27 August, 2013
The Nigerian Air Force (NAF) is set to
deploy its war planes to fight piracy on
Nigerian waters. This was revealed yesterday during the signing of a Memorandum of Understanding (MoU) between the Nigerian Maritime Administration and Safety Agency (NIMASA) and NAF at the Defence Headquarters, Abuja, Nigeria’s capital.
Under the new working arrangement
between both parties, NAF airborne
assets namely the ATR 42 MPA, the Mi-35P, Augusta Light Utility Helicopters,
and where necessary, Alpha Jet aircraft
and associated platforms, will be deployed to complement NIMASA’s other
collaborative efforts with other
government agencies to fight criminal
activities on the nation’s territorial
Chief of Air Staff, Air Marshal Alex Badeh,
said at the MoU signing ceremony that
NAF has the capability to “go deep into
the sea to cover our EEZ (Exclusive
Economic Zone) and see what is
happening there.” The NAF Chief described as unacceptable, a situation where criminals carry out nefarious activities on the nation’s territorial waters with impunity.
“With this MoU with NIMASA, we will be
able to identify where the criminal
elements are, mount surveillance on their activities and make it more difficult for them to operate,” Badeh stated, even as he solicited financial support for research and development in the Air Force from NIMASA.
Speaking earlier, Director-General of
NIMASA, Mr. Ziakede Patrick
Akpobolokemi, said that, while the
agency has received support from NAF in
the past, it has become imperative to
formalise the working arrangement between both organisations. “This MoU that we are signing today will send a clear message to oil thieves and other criminals on our waters that their days are numbered,” Akpobolokemi said. He said that NIMASA will provide necessary logistics support and funding to the Air Force to maintain security on the waters.
“We won’t allow bureaucracy to cripple
implementation of this MoU,” the NIMASA helmsman stated, even as he expressed hope that oil theft will be substantially reduced over the next one year. He said: “The incidence of crude oil theft, sea robbery and piracy are the foremost reasons the agency has approached the Nigerian Air Force to strike a formidable operation framework that would enable the deployment of age-long air surveillance excellence of the Nigerian Air Force.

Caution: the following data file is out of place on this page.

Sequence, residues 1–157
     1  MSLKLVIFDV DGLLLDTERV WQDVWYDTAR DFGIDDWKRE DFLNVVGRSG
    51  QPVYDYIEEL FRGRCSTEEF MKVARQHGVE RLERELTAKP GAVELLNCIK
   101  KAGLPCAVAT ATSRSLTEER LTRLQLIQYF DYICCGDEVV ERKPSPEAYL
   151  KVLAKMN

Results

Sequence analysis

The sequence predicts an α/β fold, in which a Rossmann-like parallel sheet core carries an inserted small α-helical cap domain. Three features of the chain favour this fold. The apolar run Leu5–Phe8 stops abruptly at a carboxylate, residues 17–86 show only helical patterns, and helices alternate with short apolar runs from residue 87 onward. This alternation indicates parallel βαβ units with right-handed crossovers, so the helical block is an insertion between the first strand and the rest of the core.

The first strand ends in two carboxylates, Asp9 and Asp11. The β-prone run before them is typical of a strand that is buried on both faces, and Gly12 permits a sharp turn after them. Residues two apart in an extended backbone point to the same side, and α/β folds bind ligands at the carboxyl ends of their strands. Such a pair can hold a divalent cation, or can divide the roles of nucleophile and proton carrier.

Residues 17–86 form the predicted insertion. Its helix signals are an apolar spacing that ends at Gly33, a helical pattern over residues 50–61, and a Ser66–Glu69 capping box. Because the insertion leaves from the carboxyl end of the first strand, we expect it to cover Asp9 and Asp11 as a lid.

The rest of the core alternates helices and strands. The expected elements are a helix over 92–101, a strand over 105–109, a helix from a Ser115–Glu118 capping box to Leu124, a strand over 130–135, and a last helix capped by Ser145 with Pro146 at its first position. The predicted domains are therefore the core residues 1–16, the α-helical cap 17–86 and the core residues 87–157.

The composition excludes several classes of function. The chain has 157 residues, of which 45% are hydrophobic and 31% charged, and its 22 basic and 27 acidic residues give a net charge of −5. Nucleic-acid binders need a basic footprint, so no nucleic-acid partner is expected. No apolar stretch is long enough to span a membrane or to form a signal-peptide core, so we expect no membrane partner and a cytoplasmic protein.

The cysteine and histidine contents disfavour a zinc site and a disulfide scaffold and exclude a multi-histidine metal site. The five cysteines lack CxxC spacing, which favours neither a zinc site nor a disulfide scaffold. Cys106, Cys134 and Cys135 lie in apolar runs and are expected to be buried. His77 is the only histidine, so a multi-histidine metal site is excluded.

Recent successful joint operations of the agency with the Nigerian Navy (NN) and the Nigerian Air Force have given impetus to the need to consummate this partnership.
“As we formally endorse the agreement
to widen the nation’s frontiers of
maritime security, we expect that
legitimate shipping, oil and gas activities on Nigerian waters will begin to contribute immensely to the nation’s Gross Domestic Product (GDP). We assure the Nigerian Air Force that this MoU and its objectives will be pursued in the best interest of nation building and that of the Nigerian maritime industry.The high command of the Nigerian Air Force, led by the Chief of Air Staff, Air Marshal Alex Sabundu Badeh, has openly demonstrated in this MoU that our marine resources and waterways hold the key to Nigeria’s economic development.”
NIMASA and NAF will cooperate in the
areas of Intelligence, Surveillance and
Reconnaissance (ISR) operations; Search
and Rescue operations at sea; Tactical
Airlift Operations; and Enforcement
Action that include, but not limited to, anti-piracy, anti-smuggling; illegal
bunkering and illegal fishing activities.NIMASA has an existing MoU with the
Nigerian Navy which gave rise to the
establishment of the Maritime Guard
Command at NIMASA.
Meanwhile, kidnappings of sailors on
merchant ships in waters off Nigeria and nearby countries surged in the first half as pirates attacked a broader range of vessels and sought targets farther out at sea.
Pirates operating in the Gulf of Guinea,
believed to be operating from Nigeria,
kidnapped 30 crew in the period,
compared with three seized worldwide in 2012’s first six months, the International Maritime Bureau (IMB), a London-based group tracking sea crime, said in a report in July.
Attackers previously tended to seek out
ships involved in the regional oil industry and now are targeting container ships and other merchant vessels, IMB said. The increase poses a new threat to trade at a time when naval forces, armed guards and better on-board security are quelling attacks off Africa’s eastern coast.
West and Central African leaders recently signed a code of conduct to repress attacks. “If these attacks are left unchecked, they will become more frequent, bolder and more violent,” IMB Director Pottengal Mukundan said in the report.